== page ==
What about criminal database searches that claim nationwide coverage, how is this possible? Are they accurate? Can I use them instead of a jurisdictional criminal search? How should they be used?

Privately held criminal information database searches all strive for coverage in all 50 states. The legitimate providers accurately describe what type of information is contained in their database along with the dates of coverage and how often the information is up-dated. What isn't being told is that none of the databases contain all available records. Moreover, some states may be listed with nothing more than a minimal area of coverage. A multi-state criminal database search has its place, but not as a substitute for a legitimate criminal search of the jurisdiction where the applicant is known to have worked or resided.

Premier InfoSource recommends that multi-state database searches be used in addition to a jurisdictional search, but not as a replacement. The database search can be used as a guide to other jurisdictions that should be searched, when information in the database is incomplete.


Why should I do a County Criminal Search if a Statewide Database is available?

The answer varies by state. In some states, a statewide search is simply unavailable. In other states, different organizations offer different types of statewide searches. Police Organizations, Public Service Commissions, Department of Corrections and Consolidated Court Databases are several of the types offered. Each has pros and cons, some better than others. There are two primary faults with any database; the frequency of up-dates and incomplete information. Some databases are excellent with frequent updates, accurate records and complete dispositions. Others pose more questions than provide answers for the purpose of making a hiring decision.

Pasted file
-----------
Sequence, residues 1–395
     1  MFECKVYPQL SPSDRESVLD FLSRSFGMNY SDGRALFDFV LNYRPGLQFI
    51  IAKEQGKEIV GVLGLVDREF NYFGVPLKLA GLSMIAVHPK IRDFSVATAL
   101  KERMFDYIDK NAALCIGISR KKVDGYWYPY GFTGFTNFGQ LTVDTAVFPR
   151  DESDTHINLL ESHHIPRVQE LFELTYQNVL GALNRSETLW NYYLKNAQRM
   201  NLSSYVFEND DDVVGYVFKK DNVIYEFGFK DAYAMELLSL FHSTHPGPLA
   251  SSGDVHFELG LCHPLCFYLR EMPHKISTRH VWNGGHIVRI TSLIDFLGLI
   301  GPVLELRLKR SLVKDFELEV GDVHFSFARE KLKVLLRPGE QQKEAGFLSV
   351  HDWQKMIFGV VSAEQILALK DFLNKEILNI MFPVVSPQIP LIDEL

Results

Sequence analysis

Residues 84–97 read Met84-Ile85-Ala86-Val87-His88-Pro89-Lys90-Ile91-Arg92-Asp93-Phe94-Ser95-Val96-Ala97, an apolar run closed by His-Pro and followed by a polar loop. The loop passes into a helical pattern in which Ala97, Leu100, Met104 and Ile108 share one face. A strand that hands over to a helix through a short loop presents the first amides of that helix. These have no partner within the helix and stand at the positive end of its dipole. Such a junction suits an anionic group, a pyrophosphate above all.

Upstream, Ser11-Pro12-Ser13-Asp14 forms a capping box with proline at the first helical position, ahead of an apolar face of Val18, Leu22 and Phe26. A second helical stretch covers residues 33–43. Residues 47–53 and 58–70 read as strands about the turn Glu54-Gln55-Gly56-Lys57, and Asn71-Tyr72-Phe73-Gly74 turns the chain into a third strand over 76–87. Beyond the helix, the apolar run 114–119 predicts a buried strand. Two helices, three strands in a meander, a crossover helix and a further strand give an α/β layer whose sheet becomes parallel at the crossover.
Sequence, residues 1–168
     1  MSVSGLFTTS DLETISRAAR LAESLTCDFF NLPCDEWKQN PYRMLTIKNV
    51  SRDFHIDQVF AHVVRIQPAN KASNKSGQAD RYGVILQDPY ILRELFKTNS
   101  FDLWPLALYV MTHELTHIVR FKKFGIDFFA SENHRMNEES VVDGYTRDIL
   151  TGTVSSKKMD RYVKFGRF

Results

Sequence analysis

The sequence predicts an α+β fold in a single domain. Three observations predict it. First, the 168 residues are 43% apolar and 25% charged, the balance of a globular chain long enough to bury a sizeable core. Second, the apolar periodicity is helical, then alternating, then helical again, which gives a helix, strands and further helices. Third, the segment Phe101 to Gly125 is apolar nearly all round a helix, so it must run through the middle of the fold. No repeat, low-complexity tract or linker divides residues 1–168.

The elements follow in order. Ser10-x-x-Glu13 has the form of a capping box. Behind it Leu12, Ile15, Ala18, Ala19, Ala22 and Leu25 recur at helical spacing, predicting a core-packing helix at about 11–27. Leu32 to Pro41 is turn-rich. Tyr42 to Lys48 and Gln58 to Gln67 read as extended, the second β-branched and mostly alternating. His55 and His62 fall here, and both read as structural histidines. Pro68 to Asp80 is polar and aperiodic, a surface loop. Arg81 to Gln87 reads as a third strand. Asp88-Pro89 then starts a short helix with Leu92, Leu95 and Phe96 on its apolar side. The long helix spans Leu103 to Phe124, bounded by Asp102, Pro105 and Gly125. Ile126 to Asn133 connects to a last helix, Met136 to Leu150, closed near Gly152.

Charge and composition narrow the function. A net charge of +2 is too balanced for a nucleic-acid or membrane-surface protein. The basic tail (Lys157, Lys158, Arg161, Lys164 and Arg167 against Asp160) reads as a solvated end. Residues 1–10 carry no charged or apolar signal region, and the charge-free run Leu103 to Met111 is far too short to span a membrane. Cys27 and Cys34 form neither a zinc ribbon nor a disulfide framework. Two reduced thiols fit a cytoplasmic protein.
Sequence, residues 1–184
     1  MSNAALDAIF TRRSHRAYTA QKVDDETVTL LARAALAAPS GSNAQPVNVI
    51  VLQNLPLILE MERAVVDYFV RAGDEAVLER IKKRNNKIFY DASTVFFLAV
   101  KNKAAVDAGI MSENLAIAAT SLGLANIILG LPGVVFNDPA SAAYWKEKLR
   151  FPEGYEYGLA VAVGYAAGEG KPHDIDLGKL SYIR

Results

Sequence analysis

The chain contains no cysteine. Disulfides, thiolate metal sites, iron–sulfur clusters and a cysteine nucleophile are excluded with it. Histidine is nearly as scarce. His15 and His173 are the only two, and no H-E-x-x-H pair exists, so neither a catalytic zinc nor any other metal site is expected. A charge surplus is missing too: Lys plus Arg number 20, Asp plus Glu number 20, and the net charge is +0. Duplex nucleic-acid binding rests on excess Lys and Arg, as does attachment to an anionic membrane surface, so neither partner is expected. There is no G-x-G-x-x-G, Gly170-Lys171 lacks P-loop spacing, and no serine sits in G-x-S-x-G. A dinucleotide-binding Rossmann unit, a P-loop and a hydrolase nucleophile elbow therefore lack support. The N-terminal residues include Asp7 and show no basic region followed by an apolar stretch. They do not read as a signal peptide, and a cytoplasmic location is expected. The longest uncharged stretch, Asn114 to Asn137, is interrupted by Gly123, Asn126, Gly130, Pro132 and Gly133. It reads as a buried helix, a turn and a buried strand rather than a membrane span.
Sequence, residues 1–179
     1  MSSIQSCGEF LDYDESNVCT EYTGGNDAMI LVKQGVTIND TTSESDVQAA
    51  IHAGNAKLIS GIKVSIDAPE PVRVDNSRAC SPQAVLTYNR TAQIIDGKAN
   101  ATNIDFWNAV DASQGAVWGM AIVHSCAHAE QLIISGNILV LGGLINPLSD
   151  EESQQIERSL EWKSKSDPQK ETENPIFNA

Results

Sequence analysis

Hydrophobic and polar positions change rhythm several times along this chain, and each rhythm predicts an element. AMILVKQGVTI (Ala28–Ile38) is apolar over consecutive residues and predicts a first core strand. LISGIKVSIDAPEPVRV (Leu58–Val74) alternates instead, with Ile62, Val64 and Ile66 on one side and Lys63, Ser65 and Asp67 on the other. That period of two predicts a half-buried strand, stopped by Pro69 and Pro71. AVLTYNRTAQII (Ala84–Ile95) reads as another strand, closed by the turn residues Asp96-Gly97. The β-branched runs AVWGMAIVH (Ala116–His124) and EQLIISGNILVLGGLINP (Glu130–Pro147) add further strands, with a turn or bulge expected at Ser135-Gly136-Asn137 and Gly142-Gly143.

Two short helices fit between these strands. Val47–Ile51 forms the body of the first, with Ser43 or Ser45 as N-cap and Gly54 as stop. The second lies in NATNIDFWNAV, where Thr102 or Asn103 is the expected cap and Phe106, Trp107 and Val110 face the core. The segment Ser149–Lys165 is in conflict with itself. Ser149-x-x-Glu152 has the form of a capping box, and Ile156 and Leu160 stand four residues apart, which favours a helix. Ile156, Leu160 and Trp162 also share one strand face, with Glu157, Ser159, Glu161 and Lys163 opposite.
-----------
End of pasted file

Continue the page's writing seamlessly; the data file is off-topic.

How do I begin a drug testing program?

The process begins by obtaining the required requisition forms from Customer Service. Your account will then be established and you can begin sending your applicants for their test.


What is the turn around time on a drug test?

Negative tests return in 24 hours. Positive tests are re-tested at the laboratory and require the services of the Medical Review Officer (MRO). A test including the MRO service will return in 48 to 72 hours.


How do I place an order?

Orders can be placed on this website, via fax, e-mail or simply by sending the request to our processing center.


How do I gain access to the client area?

The client area, where reports can be ordered and retrieved, status of current orders checked and archived reports re-printed is available to all Premier InfoSource Clients. Client Users can obtain access to the Client Area by submitting a completed Internet Access Authorization Form to support@premierinfosource.com.